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Could Your Dog Have Separation Anxiety?

About 15% of dogs have separation anxiety. Separation anxiety in dogs is actually a phobia, an extreme or irrational fear, in which dogs panic when left alone. There are many reasons dogs can display signs of separation anxiety that are not really due to separation anxiety, and correct diagnosis is important for appropriate treatment.

signs of separation anxietyWhat Are the Common Signs of Separation Anxiety?

When You're Home

  • Anxiety as you prepare to leave the house - following you, pacing, panting, salivating, trembling, or whining when he notices pre-departure cues such as when you change clothes or pick up your keys
  • "Velcro dog" - following you around the house or even panicking when you leave the room for a few minutes.
  • Excessive greeting behavior when you return home

When You're Gone

  • symptoms of separation anxietyGoing to the bathroom in the house
  • Destruction, especially to the door you left through or windows near the door
  • Barking, whining, and howling
  • Self-inflicted trauma - breaking teeth or cuts to the skin, mouth, and teeth trying to escape
  • Not eating when home alone

With separation anxiety, all of these signs occur when your dog is home alone. Your dog will usually start showing these signs within 30 minutes of being left alone. You'll usually see anxiety each time you leave your dog alone, but some dogs only feel anxious in certain situations. For example, some dogs feel anxious only when you leave and come back, or when they're at home alone but not when they're in the car or at your vacation home.

Videotaping your dog home alone is often essential in making a diagnosis. Videotaping should only be performed in a safe manner without putting the dog in a situation where he could physically harm himself.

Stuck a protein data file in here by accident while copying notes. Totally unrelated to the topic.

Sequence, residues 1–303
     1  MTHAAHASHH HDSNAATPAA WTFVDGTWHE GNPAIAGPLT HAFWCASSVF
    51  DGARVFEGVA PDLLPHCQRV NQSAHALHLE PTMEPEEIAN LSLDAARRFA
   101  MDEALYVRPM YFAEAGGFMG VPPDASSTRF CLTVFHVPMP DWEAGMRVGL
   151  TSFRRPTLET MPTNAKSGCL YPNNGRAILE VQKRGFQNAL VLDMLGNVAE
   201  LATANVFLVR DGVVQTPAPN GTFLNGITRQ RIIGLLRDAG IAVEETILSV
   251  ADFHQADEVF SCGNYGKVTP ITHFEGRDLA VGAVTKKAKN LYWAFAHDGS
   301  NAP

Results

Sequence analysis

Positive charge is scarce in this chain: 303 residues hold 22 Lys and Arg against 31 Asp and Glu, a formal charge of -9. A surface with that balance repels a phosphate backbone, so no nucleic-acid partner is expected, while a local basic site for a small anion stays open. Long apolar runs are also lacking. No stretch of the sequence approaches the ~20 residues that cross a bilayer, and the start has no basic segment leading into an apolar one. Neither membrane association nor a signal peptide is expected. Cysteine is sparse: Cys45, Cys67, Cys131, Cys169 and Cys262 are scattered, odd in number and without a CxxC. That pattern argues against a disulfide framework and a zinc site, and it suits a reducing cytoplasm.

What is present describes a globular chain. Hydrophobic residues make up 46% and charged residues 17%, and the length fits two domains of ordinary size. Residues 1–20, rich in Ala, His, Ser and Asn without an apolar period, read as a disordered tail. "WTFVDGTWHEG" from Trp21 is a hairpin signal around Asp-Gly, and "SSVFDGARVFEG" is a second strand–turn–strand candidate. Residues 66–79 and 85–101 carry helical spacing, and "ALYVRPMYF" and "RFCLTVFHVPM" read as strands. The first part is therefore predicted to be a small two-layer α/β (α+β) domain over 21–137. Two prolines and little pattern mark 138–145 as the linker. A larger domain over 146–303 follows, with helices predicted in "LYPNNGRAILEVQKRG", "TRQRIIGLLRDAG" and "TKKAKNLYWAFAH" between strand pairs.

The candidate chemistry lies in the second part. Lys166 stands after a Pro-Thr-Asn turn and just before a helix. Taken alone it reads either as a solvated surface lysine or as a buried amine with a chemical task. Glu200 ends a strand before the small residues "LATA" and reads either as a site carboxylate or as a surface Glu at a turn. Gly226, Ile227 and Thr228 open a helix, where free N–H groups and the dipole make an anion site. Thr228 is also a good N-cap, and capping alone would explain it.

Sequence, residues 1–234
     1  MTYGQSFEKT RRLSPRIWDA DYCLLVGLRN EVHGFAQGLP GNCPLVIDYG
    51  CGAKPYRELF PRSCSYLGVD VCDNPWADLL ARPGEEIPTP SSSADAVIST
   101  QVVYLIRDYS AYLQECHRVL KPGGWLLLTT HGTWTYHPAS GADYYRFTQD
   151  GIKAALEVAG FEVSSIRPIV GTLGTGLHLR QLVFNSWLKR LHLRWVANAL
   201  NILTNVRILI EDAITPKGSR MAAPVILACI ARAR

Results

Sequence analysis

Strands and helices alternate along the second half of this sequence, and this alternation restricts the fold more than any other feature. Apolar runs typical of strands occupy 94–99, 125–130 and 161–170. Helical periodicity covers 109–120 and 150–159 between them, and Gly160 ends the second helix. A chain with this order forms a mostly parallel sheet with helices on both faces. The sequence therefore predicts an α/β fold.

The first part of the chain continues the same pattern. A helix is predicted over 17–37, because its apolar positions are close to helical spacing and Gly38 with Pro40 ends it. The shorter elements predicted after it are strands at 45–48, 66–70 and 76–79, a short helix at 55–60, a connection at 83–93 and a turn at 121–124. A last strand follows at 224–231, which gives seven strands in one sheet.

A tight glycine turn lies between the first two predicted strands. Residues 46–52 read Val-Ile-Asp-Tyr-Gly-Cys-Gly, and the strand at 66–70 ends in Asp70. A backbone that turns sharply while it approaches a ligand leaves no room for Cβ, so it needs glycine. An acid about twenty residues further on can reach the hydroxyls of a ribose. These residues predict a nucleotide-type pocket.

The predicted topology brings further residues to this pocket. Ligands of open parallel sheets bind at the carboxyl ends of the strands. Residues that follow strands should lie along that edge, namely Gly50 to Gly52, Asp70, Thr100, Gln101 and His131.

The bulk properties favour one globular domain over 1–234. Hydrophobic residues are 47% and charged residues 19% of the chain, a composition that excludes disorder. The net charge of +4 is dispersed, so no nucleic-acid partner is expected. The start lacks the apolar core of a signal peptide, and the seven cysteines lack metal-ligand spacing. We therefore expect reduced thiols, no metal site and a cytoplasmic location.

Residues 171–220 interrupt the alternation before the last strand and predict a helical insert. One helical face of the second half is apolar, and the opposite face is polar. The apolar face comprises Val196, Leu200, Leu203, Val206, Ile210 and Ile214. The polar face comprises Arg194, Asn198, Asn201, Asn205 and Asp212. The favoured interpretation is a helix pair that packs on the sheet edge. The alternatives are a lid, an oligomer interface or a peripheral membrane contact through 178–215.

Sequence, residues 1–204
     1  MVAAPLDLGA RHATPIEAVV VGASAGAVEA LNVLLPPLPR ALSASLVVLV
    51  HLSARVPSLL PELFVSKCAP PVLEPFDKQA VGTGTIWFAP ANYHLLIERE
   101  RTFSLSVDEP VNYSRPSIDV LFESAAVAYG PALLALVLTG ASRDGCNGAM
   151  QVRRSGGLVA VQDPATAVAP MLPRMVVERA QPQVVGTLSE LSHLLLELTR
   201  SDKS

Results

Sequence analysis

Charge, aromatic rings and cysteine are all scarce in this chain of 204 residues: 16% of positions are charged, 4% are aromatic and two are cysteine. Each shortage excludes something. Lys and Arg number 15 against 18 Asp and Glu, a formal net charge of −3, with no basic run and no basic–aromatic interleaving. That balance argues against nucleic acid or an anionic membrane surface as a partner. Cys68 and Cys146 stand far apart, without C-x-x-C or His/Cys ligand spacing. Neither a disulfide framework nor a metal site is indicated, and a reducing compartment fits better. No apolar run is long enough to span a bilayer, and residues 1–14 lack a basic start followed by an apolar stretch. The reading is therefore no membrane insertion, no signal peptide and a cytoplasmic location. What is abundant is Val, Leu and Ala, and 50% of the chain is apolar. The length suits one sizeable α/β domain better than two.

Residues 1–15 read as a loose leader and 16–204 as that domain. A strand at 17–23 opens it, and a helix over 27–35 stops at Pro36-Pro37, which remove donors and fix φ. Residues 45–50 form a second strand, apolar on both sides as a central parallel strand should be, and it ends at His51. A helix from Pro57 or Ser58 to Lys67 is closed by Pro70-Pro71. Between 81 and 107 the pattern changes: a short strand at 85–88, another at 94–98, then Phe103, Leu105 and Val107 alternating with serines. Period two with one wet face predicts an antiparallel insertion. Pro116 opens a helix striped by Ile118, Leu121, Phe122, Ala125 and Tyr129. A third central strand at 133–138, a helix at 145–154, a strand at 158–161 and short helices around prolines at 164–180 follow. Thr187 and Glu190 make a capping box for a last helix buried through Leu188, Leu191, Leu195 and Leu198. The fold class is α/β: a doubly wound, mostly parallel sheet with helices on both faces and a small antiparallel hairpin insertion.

What Are Other Causes of Accidents, Destruction, & Barking When Home Alone?

Does your dog show any of the above signs when home alone? There are a few other issues with similar symptoms as separation anxiety. Rule out these other issues before diagnosing your dog with separation anxiety.

  • crate confinement anxietyUrinary Tract Infection - dogs with a UTI or other medical issue often whine when trying to use the bathroom or have an accident inside
  • Territorial/predatory aggression - dogs might bark or chew inappropriately if they're upset at seeing passerby or fight with other pets in the home
  • Barrier frustration - dogs who want to get through a door or window to something outside bark and scratch or chew on the door
  • Boredom - dogs bark or chew furniture if they're bored or don't have engaging toys o Play/exploratory behavior - puppies less than 1 year old explore with their mouths and might destroy doors, windows, or furniture
  • Noise phobia - fireworks during the holidays can scare dogs enough to bark, destroy things, or pee in the house
  • Crate or confinement anxiety - some dogs don't like being in a crate or small room and respond by barking, whining, destroying beds/toys, and having accidents
  • Senility - older dogs with memory problems are more prone to barking, chewing, or peeing in the house

How Do I Know If My Dog Has Separation Anxiety?

First, ask your vet to perform a full physical exam performed to rule out any medical causes that could be causing or contributing to this behavior. Your veterinarian may recommend additional testing based on the results of your dog's physical exam. Once medical causes are ruled out, behavioral causes should be explored.

In the next article, we'll explore training options to help your dog cope with being home alone.

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